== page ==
SAVE's Annual Breakfast: Celebrating 10 Years of Prevention & Awareness

SAVE celebrates its 10th year of domestic violence awareness and prevention at its Annual Breakfast Eye Opener on September 28, 2012.

SAVE (Safe Alternatives to Violent Environments) is a community-based nonprofit agency that has provided services to domestic violence survivors to the Tri-Cities, the Bay Area, and beyond for over 36 years. Rodney Clark, SAVE’s Executive Director, shares insight into intimate partner violence and its effects on individuals, families and entire communities, and why we need to take action to prevent it and help those in need:

When the average person thinks about domestic violence, high profile incidents involving celebrities such as Rihanna and Chris Brown typically comes to mind. Local high profile cases that involve fatalities also receive intense media coverage, such as the murder of Myrna Umanzor, a San Leandro teen mother who was stabbed to death by her estranged boyfriend, Pam Conover, the Petaluma school teacher and mother of four who was shot to death by her husband or Evangeline Contillo of Newark, who was murdered by her partner and father of her two children. These incidents shocked friends, families and communities because of their extreme level of violence.

Yet SAVE advocates know there are many more incidents of intimate partner abuse that go unreported and/or involve acts of abuse that are hidden or subtle and therefore more difficult to detect or identify. Abusers use many forms of violence to exert power and control over a partner, including emotional, verbal, financial, sexual, psychological and spiritual abuse, threats of violence, destructive acts such as damaging a partner’s belongings, stalking, and threats to reveal a partner’s sexual orientation or immigration status.

While domestic violence is primarily a crime against women, men may also be victims, although they are far less likely to report abuse. Domestic violence knows no boundaries and can affect anyone, regardless of socioeconomic status, ethnicity, age, level of education or sexual orientation. Domestic violence also has a ripple effect; children who grow up witnessing domestic violence are at far greater risk of becoming either abusers or victims of domestic violence. Domestic violence also has an economic impact due to violence-related productivity loss or absences. Neighborhoods and entire communities are affected emotionally when violence erupts and emergency personnel (police, paramedics and fire department staff) are particularly at risk when responding to domestic violence-related calls due to the volatile nature of these incidents.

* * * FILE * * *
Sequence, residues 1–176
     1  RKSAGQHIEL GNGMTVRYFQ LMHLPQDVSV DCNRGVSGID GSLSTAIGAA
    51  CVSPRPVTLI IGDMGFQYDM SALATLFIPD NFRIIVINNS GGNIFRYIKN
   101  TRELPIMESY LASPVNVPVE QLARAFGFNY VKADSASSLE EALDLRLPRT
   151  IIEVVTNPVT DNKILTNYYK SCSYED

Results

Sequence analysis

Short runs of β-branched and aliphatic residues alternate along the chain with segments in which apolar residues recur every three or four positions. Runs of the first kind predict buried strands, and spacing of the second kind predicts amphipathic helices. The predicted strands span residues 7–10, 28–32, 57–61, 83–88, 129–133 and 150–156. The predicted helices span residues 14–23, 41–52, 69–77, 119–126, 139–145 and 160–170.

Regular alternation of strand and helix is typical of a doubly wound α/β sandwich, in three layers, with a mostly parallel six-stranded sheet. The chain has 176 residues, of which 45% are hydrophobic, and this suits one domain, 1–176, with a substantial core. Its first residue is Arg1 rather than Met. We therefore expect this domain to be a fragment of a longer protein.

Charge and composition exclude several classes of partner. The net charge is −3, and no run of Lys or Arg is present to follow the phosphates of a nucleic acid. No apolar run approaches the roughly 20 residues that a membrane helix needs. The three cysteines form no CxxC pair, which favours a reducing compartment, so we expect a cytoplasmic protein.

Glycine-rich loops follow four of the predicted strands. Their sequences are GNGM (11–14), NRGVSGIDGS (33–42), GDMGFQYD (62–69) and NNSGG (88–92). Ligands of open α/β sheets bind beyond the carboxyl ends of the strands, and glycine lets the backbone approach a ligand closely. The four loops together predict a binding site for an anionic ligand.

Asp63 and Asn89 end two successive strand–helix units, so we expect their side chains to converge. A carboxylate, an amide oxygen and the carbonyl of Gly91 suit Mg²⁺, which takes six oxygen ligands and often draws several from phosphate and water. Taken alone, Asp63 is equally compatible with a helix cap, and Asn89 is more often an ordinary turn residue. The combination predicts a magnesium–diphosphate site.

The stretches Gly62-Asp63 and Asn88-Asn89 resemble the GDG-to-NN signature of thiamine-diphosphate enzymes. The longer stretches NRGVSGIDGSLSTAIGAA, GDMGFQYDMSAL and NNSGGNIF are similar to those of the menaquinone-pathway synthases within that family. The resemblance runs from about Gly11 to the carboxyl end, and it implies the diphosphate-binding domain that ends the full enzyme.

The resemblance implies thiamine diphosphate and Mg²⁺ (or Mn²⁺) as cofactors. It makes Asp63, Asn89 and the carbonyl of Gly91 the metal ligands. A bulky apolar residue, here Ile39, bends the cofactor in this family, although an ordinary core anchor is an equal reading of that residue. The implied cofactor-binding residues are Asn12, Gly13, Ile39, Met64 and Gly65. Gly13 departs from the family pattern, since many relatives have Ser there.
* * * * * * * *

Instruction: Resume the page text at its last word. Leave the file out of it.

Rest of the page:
What can we do as individuals and communities to help domestic violence survivors? Individuals experiencing abuse need nonjudgmental support and may also require immediate assistance or referrals for help on a moment’s notice. This is where SAVE steps in. SAVE offers prevention, intervention and support services to all who seek it –- at no cost. SAVE serves all who seek help, regardless of age, gender, sexual orientation, disability, ethnicity, language spoken, or geographic location. SAVE’s focus is to provide immediate assistance to those experiencing domestic violence through programs such as our emergency shelter and 24-hour hotline. SAVE’s efforts also include community education and outreach programs to teach others how to recognize domestic violence and provide assistance. SAVE support programs include individual and group counseling, resource referrals and more.

SAVE’s ability to provide these critically-needed services depends on the support we receive from donors. If you are interested in joining SAVE in our efforts to raise awareness about and prevent abuse, and support individuals and families impacted by violence, there are many ways you can help. Visit our website to learn about volunteer opportunities or to make a donation. Better yet, join us on Friday, September 28, 2012, from 7:30 a.m. to 9 a.m., at the Hilton Newark/Fremont for SAVE’s 10th Annual Breakfast Eye Opener. Our presentation this year will include a former SAVE client’s inspiring presentation and engaging, interactive elements. Proceeds from this important community education and fundraising event will benefit SAVE’s many free services. For more information, please visit http://www.save-dv.org/events_breakfast.html or call our Community Office at (510) 574-2250. Tickets are $75 per person. We look forward to seeing you there – this is one Breakfast you don’t want to skip!

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